According to online sales information of a popular online pharmacy, more men are buying a combination of treatments for baldness, impotence and obesity in one go. The Mail Online calls it ‘The Rise of the FBIs’, which is their interesting abbreviated term for fat, bald and impotent men. However, should we really be making light of what appears to be a situation that may require more attention?
The article states that the online pharmacy have noticed an increase in the number of sales they have made on impotence, obesity and baldness medications. This is considered significant because these treatments were sold together, with the top sellers being herbal products.
Now, this is also mentioned in the article, one is inclined to think that this influx of sales is mainly due to the ease of getting medications online, which I think is probably true. As usual the Mail Online shines a very negative light on this method of getting treatment, but at least men are seeking help, and is that such a bad thing? I am definitely not saying that men should be taking herbal treatments and completely avoiding going to their doctor, but perhaps online healthcare could be a new approach to male health problems?
If UK men are really in as much trouble, calling them FBIs are definitely going to help. Things have come a long way, but many men still find it difficult to speak to their doctor about their health, or even to consider going to their doctor at all. Sometimes portraying health issues in a more light-hearted way can be helpful, just look at Movember. However, using terms such as FBIs isn’t dealing with or creating awareness of an issue in a light-hearted way, it’s doing nothing more but to focus on a problem rather than a solution.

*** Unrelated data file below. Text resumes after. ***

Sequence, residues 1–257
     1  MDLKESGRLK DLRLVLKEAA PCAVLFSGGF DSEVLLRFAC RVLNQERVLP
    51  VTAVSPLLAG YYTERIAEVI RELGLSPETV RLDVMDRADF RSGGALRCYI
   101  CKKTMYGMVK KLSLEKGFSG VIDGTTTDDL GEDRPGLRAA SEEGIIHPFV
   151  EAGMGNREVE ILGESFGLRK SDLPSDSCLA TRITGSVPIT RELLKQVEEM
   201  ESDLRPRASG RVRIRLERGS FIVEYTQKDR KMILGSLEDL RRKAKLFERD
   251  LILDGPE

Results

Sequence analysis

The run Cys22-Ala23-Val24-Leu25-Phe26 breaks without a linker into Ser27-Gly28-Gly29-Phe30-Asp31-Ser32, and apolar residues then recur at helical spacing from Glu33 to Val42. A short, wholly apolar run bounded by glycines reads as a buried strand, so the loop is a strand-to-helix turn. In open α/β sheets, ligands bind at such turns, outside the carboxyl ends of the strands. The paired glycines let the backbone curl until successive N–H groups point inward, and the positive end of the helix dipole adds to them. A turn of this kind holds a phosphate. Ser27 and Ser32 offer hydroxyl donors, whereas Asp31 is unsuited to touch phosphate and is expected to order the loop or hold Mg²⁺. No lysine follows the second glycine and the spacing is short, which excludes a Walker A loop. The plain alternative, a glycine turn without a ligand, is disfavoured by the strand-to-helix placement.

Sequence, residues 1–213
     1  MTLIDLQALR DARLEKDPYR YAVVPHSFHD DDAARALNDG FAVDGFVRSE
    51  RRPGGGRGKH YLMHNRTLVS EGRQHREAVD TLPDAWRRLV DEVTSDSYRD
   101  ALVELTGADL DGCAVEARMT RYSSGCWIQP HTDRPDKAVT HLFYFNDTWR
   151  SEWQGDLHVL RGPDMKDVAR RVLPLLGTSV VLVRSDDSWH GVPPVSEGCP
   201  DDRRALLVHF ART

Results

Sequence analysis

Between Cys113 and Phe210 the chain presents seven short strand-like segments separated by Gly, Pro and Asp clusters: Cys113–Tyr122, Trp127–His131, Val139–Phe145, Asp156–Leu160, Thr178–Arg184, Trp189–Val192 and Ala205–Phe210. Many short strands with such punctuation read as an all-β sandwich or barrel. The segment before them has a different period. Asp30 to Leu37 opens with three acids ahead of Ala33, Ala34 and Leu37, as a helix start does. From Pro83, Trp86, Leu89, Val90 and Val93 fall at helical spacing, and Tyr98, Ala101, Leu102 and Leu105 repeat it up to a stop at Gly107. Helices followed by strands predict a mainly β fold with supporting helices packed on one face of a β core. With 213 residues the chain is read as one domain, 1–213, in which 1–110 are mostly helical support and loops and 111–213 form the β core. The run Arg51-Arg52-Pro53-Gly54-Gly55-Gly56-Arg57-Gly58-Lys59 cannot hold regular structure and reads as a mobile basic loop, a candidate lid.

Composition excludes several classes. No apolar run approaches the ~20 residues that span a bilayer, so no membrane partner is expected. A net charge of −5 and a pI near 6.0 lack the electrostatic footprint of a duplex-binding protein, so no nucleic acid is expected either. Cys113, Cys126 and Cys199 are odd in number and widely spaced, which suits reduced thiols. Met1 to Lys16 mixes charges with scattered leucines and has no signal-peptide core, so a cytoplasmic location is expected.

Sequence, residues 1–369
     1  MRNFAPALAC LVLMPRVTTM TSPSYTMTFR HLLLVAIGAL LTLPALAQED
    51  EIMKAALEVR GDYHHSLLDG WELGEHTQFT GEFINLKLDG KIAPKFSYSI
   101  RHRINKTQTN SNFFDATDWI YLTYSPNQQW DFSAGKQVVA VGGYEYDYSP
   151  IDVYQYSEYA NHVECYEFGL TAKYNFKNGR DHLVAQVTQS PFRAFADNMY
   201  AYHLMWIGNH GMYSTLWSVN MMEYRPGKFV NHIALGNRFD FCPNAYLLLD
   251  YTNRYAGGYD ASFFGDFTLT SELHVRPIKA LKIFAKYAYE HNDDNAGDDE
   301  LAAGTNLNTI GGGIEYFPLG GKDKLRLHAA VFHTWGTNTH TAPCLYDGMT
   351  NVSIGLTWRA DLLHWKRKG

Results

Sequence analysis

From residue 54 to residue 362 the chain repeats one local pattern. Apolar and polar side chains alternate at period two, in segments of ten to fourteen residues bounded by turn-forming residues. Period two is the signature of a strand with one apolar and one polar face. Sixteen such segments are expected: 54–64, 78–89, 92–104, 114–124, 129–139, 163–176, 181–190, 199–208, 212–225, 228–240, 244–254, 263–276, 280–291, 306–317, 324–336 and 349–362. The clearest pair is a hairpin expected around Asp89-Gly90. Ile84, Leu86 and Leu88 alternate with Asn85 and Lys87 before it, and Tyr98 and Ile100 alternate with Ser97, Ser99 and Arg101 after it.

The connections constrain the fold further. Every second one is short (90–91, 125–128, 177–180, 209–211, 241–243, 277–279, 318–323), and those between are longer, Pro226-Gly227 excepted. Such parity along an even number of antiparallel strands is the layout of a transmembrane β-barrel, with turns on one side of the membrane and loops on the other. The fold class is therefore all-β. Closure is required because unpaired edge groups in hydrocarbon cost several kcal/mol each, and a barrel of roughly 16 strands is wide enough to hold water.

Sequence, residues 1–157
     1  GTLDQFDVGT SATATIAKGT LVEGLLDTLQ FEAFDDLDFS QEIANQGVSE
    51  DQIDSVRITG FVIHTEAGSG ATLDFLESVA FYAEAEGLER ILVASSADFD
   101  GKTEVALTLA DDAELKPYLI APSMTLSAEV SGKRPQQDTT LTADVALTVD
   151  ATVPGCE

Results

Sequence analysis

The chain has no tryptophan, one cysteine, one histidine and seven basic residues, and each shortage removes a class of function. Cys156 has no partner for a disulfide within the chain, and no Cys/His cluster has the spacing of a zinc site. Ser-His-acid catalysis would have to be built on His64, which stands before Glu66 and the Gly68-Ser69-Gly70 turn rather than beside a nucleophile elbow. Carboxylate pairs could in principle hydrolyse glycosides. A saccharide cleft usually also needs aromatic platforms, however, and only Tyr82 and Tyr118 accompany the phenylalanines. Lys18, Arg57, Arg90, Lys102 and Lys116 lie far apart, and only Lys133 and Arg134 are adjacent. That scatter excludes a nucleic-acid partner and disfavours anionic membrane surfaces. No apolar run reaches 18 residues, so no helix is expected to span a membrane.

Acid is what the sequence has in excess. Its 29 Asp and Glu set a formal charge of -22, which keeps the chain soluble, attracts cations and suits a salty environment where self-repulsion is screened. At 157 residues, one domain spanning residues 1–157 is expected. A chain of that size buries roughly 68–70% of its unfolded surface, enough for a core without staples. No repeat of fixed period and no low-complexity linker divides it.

Impotence, obesity and hair loss have always been issues that have affected men. It’s nothing new. Maybe the fact that we are seeing an increase in men looking for treatment online is a good thing. Yes, ideally men should be going to their doctor to ensure that any other underlying conditions are accounted for and treated, but we aren’t getting anywhere by ostracising men for not being perfect.